You are obligated to forget. While you move to the camp ‘s blocks you find the central gate where the impressive sing of Auschwitz “Arbeit macht frei.”You cannot just pass through it. You stand. You look up. You are wondering how liberation combines with  so many kilometers of whirenetting. You finally pass the propaganda and enter the unmoving and incomparable concentration camps. You stand with awe shooting their cold perfection, accompanied by the reflection of the snow. You can ‘t wait for what they have to tell you. Each one of them has a dedication, a reality of the horror with photographs, text, objects, documents, which are worn and permanent sorrow. The isles of the block, looked after, are penetrated by the darkness and not the light.

The same happens with rooms. They are atmospheric and the light that passes through the windows is low. You look at the visitors. They do not laugh, they speak rarely and low, some of them shed tears, others stand without moving looking shocked. In front of this sadness, we are united. You take pictures without been discovered, taking into account of the lightest detail. You need to breathe. There are many windows and you reach the one that is closer to you. Sarcastically, the view is outstanding. From some of them you can watch beautifull landscapes with tall trees and in others the sacredness of the buildings.

Finally the documents include numbers, dates, names, ethnicities, religions, minorities, piles of shoes and glasses, humans in experiments and monsters with human faces. You are someone who visited death, the horror of a war, a holocaust. You met with the messy impulse of a heaped despair where on its top repetition of brutality dominated. But now the need for defending the existence and its rights is getting bigger. You continue to walk on the aisle of the blocks 6 and 7. Hundreds of  portraits mainly of polish people who died.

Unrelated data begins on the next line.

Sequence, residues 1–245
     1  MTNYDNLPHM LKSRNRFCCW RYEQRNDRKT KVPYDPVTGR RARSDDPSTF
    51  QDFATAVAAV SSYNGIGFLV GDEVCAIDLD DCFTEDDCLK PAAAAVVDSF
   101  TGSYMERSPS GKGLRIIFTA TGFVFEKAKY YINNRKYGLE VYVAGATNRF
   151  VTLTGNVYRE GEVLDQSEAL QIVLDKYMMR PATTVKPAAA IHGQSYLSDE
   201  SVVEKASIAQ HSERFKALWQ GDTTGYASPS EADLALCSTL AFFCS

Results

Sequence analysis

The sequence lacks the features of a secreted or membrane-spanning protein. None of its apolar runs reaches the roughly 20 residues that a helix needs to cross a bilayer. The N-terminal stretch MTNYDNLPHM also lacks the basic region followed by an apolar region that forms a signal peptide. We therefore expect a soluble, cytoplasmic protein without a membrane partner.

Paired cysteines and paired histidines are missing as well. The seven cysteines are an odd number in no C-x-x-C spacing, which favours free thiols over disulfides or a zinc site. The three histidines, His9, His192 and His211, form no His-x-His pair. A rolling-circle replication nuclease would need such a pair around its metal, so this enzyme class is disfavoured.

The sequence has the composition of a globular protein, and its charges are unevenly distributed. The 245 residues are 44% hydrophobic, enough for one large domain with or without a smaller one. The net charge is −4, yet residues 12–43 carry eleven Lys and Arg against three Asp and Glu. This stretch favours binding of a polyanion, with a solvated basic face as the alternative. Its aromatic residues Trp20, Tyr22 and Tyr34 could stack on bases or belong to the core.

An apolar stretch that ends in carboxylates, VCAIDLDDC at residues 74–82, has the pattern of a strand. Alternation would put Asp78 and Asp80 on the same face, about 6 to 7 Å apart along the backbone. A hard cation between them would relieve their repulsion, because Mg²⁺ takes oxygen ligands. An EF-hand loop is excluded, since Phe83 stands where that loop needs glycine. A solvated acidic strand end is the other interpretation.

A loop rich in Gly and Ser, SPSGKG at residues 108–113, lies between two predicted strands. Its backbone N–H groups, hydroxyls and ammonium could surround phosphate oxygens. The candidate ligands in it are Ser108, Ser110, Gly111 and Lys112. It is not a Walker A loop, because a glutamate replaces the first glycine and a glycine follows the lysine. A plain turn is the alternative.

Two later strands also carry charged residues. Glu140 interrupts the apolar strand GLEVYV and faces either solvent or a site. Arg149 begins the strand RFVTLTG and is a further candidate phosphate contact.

These expressions, harrased, are trying to hide an enormous fear. . They are not allowed to have feelings during the shooting. They are not allowed to cry. The creator of the pictures, photographer Wilhem Brasse has Austrian roots. Just before they die, he took pictures of their last moments of existence. Sometimes he tried to find reasons to increase the time of life of some of them. In 1945 he was set free and he went back to his hometown. He never again touched a camera.

Too many hours have passed. You are full of memories from memories, you reach the exit where you find  the aisle of the furnaces in the gas chamber building and the crematory.  Before you leave, you decide to enter. It is not easy. It penetrates you. It won ‘t be erased.

The wings are returned to their owner during exiting the place. You decide to hang them in the wire netting that “protects” the camp. You take pictures of them. You are left without wings and photographic status. You just feel pain.You remember  what Budha said: “Fear is the carrier of consciousness” . You relax. You return.

Reader Whrite : Ypatia Kornarou